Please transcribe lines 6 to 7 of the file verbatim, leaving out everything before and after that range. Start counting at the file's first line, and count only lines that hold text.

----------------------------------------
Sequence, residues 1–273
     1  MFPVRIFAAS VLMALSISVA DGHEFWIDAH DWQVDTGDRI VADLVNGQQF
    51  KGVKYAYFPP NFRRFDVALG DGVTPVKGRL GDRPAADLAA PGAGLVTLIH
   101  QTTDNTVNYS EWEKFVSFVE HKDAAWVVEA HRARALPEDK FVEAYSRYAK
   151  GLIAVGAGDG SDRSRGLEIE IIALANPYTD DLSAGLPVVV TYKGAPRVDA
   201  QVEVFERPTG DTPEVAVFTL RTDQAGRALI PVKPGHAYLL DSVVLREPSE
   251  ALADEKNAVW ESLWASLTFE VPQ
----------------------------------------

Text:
   201  QVEVFERPTG DTPEVAVFTL RTDQAGRALI PVKPGHAYLL DSVVLREPSE
   251  ALADEKNAVW ESLWASLTFE VPQ